Tips to Improve Concentration Among Students


Here is a small exercise that you can do to tally your mental wanderings. It is an interesting one and you check for yourself how many times you have wandered away from what you have been doing.


Have a 3 x 5 inch card handy. Draw two lines dividing the card into three sections. Label them "morning," "afternoon," and "evening."

Each time your mind wanders, make a tally in the appropriate section. Keep a card for each day. As your skills build, you will see the number of tallies decrease.

Maximize your energy level


When is your energy level at its highest? When are your low energy times? Study your most
difficult courses at your high-energy times. Sharpest early in the evening? Study your most difficult course then. Later in the evening? Work on your easier courses or the ones you enjoy the most. Most students put off the tough studies until later in the evening when they become tired, and it is more difficult to concentrate. Reverse that. Study hard subjects at peak energy times; easier ones later. This alone can help to improve your concentration.

Visualize a stress-free Situation


As an exercise before you begin studying; think of those times when concentration is not a problem for you--no matter what the situation is. Now try to feel or imagine yourself in that situation. Recapture that experience immediately before your studies by placing yourself in those moments. Repeat before each study session.

How to Improve Your Concentration


Learning to concentrate on reading and studying requires some practice. Concentration doesn't just happen as soon as you sit down to do some serious studying. You already know the requirements for your individual study environment. Now all you need is concentration!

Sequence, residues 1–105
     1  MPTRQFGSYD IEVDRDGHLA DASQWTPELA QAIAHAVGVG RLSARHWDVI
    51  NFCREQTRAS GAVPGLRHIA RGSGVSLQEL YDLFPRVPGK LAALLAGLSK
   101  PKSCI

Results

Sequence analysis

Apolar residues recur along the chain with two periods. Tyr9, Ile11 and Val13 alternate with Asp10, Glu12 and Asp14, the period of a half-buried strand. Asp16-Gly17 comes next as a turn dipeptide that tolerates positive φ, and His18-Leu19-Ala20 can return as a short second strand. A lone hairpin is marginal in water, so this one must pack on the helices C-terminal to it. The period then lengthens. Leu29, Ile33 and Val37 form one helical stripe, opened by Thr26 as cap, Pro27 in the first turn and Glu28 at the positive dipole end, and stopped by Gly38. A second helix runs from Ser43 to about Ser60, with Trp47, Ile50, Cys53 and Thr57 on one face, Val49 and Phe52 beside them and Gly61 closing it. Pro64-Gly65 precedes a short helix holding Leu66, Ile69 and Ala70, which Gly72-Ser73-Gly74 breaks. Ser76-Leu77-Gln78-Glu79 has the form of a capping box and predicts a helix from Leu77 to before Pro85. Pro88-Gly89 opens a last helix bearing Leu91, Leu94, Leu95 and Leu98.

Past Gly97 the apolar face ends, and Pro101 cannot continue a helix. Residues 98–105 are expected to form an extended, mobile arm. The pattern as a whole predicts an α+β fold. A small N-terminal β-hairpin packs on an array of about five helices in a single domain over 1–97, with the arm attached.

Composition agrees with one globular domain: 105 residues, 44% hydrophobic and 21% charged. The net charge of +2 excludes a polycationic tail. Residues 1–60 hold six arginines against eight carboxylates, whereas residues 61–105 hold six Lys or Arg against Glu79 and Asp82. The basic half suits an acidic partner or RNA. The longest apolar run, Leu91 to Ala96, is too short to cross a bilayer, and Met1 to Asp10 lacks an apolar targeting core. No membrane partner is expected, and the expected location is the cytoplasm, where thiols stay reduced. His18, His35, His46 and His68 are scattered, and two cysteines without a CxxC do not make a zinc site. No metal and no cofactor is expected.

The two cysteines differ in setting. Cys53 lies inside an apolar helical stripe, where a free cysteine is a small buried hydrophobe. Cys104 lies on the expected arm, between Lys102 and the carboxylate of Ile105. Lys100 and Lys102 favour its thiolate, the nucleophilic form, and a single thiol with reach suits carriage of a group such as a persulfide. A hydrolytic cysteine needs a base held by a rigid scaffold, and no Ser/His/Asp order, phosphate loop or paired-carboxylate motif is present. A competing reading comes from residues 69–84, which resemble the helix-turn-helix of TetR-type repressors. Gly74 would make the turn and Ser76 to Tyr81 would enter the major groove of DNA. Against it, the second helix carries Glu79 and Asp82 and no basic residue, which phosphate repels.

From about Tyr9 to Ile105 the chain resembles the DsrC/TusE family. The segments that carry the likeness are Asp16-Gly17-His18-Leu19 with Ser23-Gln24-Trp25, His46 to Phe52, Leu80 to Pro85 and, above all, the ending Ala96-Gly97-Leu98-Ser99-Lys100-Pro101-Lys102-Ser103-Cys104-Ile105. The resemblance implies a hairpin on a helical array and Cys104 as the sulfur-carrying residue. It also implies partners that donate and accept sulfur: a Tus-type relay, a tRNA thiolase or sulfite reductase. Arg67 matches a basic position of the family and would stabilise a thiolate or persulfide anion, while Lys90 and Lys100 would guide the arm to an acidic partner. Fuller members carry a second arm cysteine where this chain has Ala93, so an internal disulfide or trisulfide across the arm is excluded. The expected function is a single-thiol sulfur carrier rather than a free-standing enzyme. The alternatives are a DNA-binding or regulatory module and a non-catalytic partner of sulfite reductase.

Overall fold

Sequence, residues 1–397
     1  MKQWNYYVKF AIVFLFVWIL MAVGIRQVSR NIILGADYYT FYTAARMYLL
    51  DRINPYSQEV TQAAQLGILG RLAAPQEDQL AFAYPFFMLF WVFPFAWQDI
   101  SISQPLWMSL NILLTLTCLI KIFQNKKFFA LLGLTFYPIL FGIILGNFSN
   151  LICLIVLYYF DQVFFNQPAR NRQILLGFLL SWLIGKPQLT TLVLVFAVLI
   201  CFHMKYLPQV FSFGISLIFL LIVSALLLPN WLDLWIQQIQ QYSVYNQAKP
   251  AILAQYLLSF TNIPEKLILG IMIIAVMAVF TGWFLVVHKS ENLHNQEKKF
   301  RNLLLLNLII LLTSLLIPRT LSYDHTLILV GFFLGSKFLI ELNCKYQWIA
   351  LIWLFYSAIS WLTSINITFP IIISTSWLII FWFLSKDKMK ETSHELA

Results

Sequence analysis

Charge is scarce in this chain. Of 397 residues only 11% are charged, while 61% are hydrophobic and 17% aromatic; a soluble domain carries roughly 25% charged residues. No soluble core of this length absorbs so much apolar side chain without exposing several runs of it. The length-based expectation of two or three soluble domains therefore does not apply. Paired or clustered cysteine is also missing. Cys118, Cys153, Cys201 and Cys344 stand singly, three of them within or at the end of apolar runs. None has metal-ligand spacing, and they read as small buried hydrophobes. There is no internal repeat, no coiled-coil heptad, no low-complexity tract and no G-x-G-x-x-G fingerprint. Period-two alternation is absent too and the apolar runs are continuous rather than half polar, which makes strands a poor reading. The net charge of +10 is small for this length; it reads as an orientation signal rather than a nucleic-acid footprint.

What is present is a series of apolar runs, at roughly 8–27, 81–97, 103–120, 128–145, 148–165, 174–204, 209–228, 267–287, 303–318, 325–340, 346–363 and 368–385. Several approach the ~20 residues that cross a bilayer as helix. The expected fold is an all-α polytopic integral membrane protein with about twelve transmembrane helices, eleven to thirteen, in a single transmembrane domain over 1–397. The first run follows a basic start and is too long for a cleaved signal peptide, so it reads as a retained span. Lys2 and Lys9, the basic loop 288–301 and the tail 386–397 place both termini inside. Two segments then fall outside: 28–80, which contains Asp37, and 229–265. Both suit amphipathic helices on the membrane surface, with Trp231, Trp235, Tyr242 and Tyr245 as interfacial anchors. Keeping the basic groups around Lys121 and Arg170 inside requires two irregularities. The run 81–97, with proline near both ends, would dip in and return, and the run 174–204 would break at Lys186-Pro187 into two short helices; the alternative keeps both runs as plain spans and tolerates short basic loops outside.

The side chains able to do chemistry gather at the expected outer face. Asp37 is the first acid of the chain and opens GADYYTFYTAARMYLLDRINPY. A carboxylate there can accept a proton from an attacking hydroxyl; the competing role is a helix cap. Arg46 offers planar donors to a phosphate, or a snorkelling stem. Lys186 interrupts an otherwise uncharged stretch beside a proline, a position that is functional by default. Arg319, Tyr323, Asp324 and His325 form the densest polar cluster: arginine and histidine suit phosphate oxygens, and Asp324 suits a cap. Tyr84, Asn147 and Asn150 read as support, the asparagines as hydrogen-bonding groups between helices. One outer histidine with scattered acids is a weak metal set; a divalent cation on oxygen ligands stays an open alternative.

Read "How To Improve Your Concentration" to find some techniques to develop your concentration level for peak performance during your study time. After reading the article, you should be able to:
  • Identify four common concentration problems;
  • Explain five techniques for action to reach the goal of peak concentration;
  • Apply three strategies to combat annoyance during study periods.
Students can improve study concentration and study ability by paying attention to the conditions of their study environment. On the other hand, concentration will be limited if study habits are not effective.

Your ability to concentrate on a particular lesson depends on
  1. how interested you are and
  2. how effective your study methods are.
Your interest in one assignment will be different from your interest in others; your interest level may even change during that lesson. Because of the difficulties of your motivation while you do your homework, here is the key to effective study: Depending on your interest level at a particular time of study, adapt your study techniques to strengthen your concentration when it is weak.
What are the common reasons students lack interest or lose interest during study time?

Common Concentration Problems


During a period of study, there are four times you may have problems with concentration. These are common times which challenge most of the students and you will often have to strengthen your concentration when they happen.
  • When you are "warming up" to study, distractions will interrupt your attention.
  • When you have been concentrating hard on your studying, you may suddenly become annoyed with the assignment.
  • After a long stretch of continuous studying, you gradually become tired and your study results decrease.
  • When you have come to the point of "diminishing returns" and you are losing mental effectiveness, exhaustion takes over.

What do you think the student can do to improve concentration in these four examples? Here is an illustration that represents a student's ups and downs of concentration during a study period of over 2 1/2 hours.

Warm-Up: Student should spend time in conditioning one’s own mind for studying.

Annoyance: After 35 minutes of intense concentration, the student's attention starts to weaken. Break time! Two 5-10 minutes breaks helps to get the concentration level back up.

Diminishing Returns: The third time the student was annoyed by studying, but it was not possible to reach the same peak level of concentration. The student studied for another 50 minutes or so, but the attention level was starting to slip, along with the level of effectiveness.

Fatigue: When the student was too tired to study, the willingness to study disappeared; in addition, the student closed the textbook.